INCHR Begins Nationwide Awareness, Urges Stakeholders to Spread the Message

INCHR acting chairperson, Bartholomew B. Colley: "We must all improve the country's human rights record at all times."

In the wake of the United Nations (UN) appeal for US$278.3 million in voluntary contributions to monitor human rights abuses worldwide and help prevent violence, the Independent National Commission on Human Rights (INCHR) in Liberia yesterday commenced a nationwide awareness on the National Human Rights Action Plan (NHRAP) of the country and the Universal Periodic Review (UPR).

While the U.N. Human Rights Office warns of a global push-back on human rights, saying this is all too visible in the slowing commitment by governments to uphold human rights values in conflict prone communities, INCHR acting chairperson, Bartholomew B. Colley, said the project, titled: “Support to the Government of Liberia through the NHRAP Secretariat in implementing key recommendations of the UPR and NHRAP,” will highlight the importance of fighting rights abuses.

Colley then urged stakeholders at yesterday’s high-level seminar to remain focused so as to spread the messages across the country.

The awareness, held at a resort in Monrovia, is being carried out in three phases, beginning  with discussions among representatives of ministries, agencies, commissions, civil society organizations (CSOs) and non-governmental organizations (NGOs) from seven of the 15 counties that include Grand Cape Mount, Margibi, Grand Bassa, Bong, Lofa, River Cess and Sinoe.

According to Colley, the Monrovia discussion with heads of ministries and agencies will later include interactions with members of the House of Representatives and the Senate.

Colley: “The purpose of these interactions is to popularize the NHRAP, clarify and explain the roles and responsibilities of the different actors involved, gather reports on progresses and challenges in the implementation of the NHRAP as well as explain the UPR process.”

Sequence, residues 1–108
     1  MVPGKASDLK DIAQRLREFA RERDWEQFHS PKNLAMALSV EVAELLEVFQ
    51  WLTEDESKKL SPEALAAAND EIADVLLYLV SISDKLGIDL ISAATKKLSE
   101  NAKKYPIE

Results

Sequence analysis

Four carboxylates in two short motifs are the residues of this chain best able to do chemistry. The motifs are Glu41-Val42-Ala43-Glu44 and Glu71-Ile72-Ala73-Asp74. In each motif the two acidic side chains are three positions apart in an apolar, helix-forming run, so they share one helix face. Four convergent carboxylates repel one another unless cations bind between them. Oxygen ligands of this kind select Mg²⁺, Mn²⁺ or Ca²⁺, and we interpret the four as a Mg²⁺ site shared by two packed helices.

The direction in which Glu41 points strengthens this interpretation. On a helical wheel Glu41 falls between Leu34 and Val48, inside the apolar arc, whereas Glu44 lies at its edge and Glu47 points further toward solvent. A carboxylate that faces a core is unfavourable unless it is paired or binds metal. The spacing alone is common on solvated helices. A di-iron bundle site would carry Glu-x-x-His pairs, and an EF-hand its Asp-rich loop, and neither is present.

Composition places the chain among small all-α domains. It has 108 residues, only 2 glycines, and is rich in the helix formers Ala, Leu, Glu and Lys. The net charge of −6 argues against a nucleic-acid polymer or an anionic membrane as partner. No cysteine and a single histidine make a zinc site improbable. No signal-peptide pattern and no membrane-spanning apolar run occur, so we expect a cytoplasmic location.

The awareness is funded by the United Nations Mission in Liberia (UNMIL) with the INCHR, through its Department of Legislative Assistance, Treaty Matters and Law, leading the initiative with support from the secretariat of the NHRAP for the next five years.

The activities, which began on Monday, February 26, are expected to end today, March 1, thereby closing the first five years (2013-2018) of the NHRAP, which is to be reviewed and cast for the next five years (2019-2023) later this year.

UN Rights Office Appeal

The U.N. Human Rights Office is appealing for $278.3 million in voluntary contributions to monitor human rights abuses worldwide and help prevent violence, the VOA has reported. According to the VOA, the U.N. Human Rights Office warns of a global push back on human rights.

It says this is all too visible in the slowing commitment by governments to uphold human rights values in crisis prone countries, among them are Syria, Yemen, the Democratic Republic of Congo, Burundi and Myanmar.

UN spokeswoman Liz Throssell says this lack of commitment translates into lack of support from the international community to provide the funds necessary to carry out the agency’s important work.

She tells VOA that the agency’s achievements often go unrecognized. For example, she says the help offered to victims of torture or other abuse usually occurs away from the blinding light of the media.

“Through the voluntary funds that we have, 45,000 victims of torture were helped to be rehabilitated,” she said.

“Our colleagues who work in our 60 plus offices or field presences around the world monitored 567 trials…There is lots of training that goes on around the world and maybe that is quite hard to sell as something sexy. But, it is really important and fundamental,” Throssell told the VOA.

She says these training courses teach governments and civil society how to monitor human rights abuses, how to access justice, and how to set anti-discrimination standards.

Currently, only 63 countries are making voluntary contributions to the Human Rights Office. Throssell says this list of donor countries needs to expand, because Norway and other Scandinavian countries are pledging to increase their contributions.

However, she says the word is still out on the United States, which traditionally has been the agency’s biggest donor.

The U.S. Congress is in the process of discussing the issue and will make a decision toward the end of March.

Last year, the U.S.’ voluntary contribution was just over US$20 million, while this year there are questions of how much Washington will contribute after the Trump Administration in December announced a US$285 million cut in overall U.S. contributions to the United Nations – a move the U.S. Administration blames on inefficiency and overspending at the organization.


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